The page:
Jesus’ Cry of Dereliction is shorthand for the entirety of Ps 22 for which it is the opening line. Psalm 22 is a scapegoat psalm about an innocent servant abandoned and persecuted by his contemporaries but not abandoned by God. For Christ to reference this particular psalm on the Cross is for him to say quite the opposite of what many take his cry, divorced from its context, to mean. Many see here evidence that the Son is in fact abandoned by the Father, that the crowds are right in believing God to have abandoned and forsaken him. For these, this abandonment of sacred scapegoating defines God to the nitty-gritty of triniarian deity itself, that God’s own experience of himself, his own trinitarian oneness, was shattered as God forsook God. Nothing in God was not defined by this separation.
This is theological madness, of course. Seen in its proper context (see Rikk Watts on the use of the Psalms in Mark’s gospel), Jesus’s cry says just the opposite. By calling upon Psalm 22, quite literally Jesus is declaring:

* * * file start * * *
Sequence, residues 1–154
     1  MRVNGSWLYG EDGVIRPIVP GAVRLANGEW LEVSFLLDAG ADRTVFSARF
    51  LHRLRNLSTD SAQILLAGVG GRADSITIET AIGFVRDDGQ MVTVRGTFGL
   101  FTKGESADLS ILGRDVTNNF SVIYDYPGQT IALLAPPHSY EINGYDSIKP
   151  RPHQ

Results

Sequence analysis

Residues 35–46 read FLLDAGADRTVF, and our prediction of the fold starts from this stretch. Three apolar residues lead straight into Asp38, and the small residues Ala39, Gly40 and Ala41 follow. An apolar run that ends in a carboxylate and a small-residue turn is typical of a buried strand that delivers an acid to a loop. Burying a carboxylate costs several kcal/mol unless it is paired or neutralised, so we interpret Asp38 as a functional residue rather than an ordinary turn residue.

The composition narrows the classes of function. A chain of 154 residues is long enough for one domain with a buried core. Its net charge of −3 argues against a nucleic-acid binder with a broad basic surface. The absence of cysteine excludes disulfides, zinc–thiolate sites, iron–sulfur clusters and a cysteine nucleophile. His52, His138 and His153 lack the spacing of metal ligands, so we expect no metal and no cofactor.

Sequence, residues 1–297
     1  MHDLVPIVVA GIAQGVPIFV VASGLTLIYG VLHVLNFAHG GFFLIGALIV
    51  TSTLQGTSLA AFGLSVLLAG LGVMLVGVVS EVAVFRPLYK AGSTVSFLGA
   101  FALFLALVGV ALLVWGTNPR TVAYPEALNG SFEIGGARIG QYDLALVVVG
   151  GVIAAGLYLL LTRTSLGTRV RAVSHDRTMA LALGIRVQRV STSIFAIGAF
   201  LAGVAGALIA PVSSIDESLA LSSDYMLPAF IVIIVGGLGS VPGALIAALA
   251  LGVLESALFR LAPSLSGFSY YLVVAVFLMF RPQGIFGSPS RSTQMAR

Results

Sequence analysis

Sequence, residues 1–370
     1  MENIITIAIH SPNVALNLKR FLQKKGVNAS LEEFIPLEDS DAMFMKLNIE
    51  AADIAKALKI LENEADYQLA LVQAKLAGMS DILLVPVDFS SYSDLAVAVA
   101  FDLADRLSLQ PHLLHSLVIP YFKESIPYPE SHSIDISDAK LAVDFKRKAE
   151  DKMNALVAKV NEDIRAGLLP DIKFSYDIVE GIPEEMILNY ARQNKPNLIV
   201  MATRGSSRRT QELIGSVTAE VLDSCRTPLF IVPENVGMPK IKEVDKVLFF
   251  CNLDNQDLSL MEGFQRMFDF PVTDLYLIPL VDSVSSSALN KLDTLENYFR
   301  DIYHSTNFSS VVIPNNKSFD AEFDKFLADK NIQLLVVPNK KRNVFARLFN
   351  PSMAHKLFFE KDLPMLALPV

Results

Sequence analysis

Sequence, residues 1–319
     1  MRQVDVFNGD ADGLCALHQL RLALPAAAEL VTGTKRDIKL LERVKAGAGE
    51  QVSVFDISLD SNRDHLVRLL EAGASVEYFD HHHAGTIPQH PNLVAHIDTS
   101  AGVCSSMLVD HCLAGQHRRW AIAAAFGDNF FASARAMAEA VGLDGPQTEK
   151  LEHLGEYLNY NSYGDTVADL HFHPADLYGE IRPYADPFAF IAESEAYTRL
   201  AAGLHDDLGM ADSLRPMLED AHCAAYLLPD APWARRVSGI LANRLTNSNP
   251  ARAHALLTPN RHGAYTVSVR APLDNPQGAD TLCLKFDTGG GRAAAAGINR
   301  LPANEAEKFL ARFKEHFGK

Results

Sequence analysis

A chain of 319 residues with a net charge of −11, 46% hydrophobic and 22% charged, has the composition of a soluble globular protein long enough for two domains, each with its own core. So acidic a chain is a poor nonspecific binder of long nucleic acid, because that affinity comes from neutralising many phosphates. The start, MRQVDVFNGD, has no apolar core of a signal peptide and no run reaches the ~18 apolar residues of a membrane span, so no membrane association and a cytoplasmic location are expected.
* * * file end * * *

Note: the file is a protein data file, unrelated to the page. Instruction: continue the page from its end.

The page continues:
“I am not forsaken by God — as you all think! I have not been abandoned by God — as you all suppose. God will vindicate me, just like he did the innocent servant of Psalm 22! Wait and see.”
All Jesus needs to say in order to declare this is what he actually says, Psalm 22’s opening line. Resurrection proved Jesus right, of course. God is not on the side of the scapegoating crowd abandoning Jesus. That’s not the what the Cry is about. Where is the Father while Jesus is on the Cross? He is right where Jesus said he would be — “…with me.” (John 16.31-33). I only wish my own (evangelical) tribe believed it.
The happiest, most wonderful Resurrection Sunday to you all!